He delivered his usual bromides, including an attack on the "Christian Right." He did not mention Israel or the controversial anti-Israel positions that the United Church of Christ has taken. Not a word. Here is a man who preaches tolerance and the coming together of people, a man whose voice is a powerful instrument and can be used to heal wounds. He chose to remain silent about the bias within his own church.
Obama again had a chance to try to heal the rupture between the United Church of Christ and supporters of Israel when he addressed the important 26th annual synod of the United Church of Christ in Hartford, Connecticut. This event was attended by thousands of members and will help to set church policy in the years ahead (comparable to "platforms" established by political parties). So enthusiastic was his welcome that one UCC member called it "a Democratic pep rally."
However, it is important to note that Obama never touched upon the issue of the UCC's approach toward Israel, despite having numerous opportunities to do so; he never took the opportunity to address the bias towards Israel either when he spoke before UCC groups or otherwise. Only when the UCC was on the verge of passing a milder version
of the resolution regarding Israel did the Obama campaign issue a statement,
"Senator Obama has been a consistent and stalwart supporter of Israel, our strongest ally and only democracy in the Middle East, throughout his career in public service and his entire life," a spokeswoman for the campaign, Jennifer Psaki, said. "While he is a proud member of the UCC church and values its tradition of openness and diversity, he strongly disagrees with the portrayal of the Israeli-Palestinian conflict presented by individual members of the church."
In the speeches he has given over the last year or so, in the written statements his campaign issued, he voiced no criticism about his church's anti-Israel resolution before. Only after the church was well on its way in passing a milder resolution towards Israel, did Obama see fit to issue a statement about the church's position towards Israel. He also phrased it in an odd way that could be subject to various interpretations. He never specifically stated that he opposed the previous harsh denunciation of Israel embodied in official church resolutions, he merely stated that he "strongly disagrees with the portrayal of the Israeli-Palestinian conflict by individual members of the church."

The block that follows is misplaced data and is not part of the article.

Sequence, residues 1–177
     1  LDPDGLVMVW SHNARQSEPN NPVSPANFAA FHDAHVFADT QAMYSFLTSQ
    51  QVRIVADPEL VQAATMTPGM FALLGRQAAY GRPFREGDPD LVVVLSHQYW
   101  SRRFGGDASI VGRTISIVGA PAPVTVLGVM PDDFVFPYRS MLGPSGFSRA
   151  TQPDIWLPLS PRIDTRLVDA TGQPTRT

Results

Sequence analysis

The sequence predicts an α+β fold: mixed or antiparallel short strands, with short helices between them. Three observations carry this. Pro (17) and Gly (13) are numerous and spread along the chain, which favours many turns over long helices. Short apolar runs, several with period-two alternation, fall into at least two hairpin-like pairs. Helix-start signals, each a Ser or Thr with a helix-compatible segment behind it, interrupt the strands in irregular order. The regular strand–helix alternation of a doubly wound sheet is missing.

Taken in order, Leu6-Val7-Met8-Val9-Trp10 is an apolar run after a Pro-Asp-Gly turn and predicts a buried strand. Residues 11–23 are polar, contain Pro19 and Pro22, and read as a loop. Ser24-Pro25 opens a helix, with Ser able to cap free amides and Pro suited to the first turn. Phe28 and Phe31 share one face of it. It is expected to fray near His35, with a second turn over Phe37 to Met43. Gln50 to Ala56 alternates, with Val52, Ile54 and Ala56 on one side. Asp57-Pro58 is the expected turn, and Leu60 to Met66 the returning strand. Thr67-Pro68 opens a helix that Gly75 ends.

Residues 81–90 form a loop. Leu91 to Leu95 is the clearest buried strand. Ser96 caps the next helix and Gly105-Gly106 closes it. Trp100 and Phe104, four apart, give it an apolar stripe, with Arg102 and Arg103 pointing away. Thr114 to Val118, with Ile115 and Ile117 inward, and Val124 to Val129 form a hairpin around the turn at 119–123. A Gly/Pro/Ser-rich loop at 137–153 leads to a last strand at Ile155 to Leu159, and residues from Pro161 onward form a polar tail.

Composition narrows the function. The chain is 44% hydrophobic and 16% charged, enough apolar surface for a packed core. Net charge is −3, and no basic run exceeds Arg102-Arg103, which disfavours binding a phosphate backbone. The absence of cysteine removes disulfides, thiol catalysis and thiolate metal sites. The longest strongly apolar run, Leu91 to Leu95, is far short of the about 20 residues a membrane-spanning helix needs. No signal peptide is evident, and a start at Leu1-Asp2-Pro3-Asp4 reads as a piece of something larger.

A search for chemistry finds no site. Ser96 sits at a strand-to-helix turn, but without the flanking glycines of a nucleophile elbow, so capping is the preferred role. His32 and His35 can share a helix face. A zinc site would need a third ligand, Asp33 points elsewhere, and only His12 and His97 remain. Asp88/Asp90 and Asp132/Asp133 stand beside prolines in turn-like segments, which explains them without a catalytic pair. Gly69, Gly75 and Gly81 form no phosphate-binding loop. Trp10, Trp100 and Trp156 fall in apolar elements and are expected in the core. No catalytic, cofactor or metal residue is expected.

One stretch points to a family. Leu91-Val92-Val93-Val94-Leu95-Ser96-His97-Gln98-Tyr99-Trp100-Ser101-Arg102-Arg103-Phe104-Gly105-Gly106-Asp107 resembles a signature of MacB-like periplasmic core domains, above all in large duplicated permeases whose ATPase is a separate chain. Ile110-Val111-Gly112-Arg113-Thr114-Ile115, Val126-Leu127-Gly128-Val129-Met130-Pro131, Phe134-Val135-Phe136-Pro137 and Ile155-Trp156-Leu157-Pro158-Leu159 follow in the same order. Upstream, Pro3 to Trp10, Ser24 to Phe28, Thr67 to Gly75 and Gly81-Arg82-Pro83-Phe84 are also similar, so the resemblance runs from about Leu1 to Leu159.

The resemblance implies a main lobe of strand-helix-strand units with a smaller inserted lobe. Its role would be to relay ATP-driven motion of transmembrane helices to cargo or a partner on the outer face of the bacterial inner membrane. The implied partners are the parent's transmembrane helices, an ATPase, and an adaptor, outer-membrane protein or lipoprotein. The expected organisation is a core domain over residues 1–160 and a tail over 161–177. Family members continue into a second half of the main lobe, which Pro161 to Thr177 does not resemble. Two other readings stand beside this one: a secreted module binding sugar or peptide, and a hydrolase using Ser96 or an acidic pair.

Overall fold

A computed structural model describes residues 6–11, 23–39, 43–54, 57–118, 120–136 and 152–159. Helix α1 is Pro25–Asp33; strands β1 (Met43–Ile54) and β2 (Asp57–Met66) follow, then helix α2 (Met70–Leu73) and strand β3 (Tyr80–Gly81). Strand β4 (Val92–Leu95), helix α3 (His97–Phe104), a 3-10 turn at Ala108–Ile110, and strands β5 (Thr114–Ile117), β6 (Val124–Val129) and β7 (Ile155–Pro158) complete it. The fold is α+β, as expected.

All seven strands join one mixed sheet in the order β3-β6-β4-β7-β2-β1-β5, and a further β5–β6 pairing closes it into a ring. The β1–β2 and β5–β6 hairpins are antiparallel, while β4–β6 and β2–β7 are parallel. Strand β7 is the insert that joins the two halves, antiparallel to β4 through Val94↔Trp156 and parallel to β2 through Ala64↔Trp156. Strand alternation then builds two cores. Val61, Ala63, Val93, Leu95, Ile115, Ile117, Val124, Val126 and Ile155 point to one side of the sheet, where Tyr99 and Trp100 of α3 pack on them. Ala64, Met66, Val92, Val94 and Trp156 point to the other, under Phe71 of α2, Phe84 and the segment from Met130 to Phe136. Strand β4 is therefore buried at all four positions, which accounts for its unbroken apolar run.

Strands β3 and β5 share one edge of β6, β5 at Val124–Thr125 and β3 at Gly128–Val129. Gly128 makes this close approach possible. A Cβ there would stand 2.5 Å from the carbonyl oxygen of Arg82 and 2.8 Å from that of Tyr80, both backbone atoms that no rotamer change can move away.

Individual members"? That is meaningless. The Church has over a million members. With which individuals' views does Obama have a problem? This is such a wishy-washy statement that it verges on blather. For all anyone knows, he found the prior official UCC resolutions acceptable, since he never specifically denounced them. There are certainly individual members whose view he may disagree with but so what? I imagine if Obama stated that there are those individual members of Hamas whose views he disagrees with? What would that mean? Is that a courageous statement? Of course not.
The same spokesman had previously issued a statement in Obama's name criticizing George Soros' approach towards Israel after Soros issued particularly fierce denunciations of Israel and its supporters here in America that generated a lot of airplay
; it did not prevent Obama from shortly thereafter attending high-powered fundraising parties with Soros
; Obama also refused to return donations from a basketball player notorious for previous anti-Semitic outbursts.
During his weekend speeches to chucrch groups did he bring up, did he even touch upon, the issue of the church's views towards Israel? Did he touch upon the church's silence regarding Palestinian Muslim violence against its own Christian community? Did he use his powerful voice to appeal to the church members to listen to the concerns of their fellow Americans who were so upset that they issued a public letter to express their sorrow that the church would so single-mindedly attack Israel-a nation besieged by enemies and threatened by an Iranian dictator with a genocidal dream? Did he use his gifts of oratory to ask the church to reconsider its positions and to reach out to those it has harmed-to help heal wounds? In a word, No.
Within his silence, there is a powerful message.
Ed Lasky is news editor of American Thinker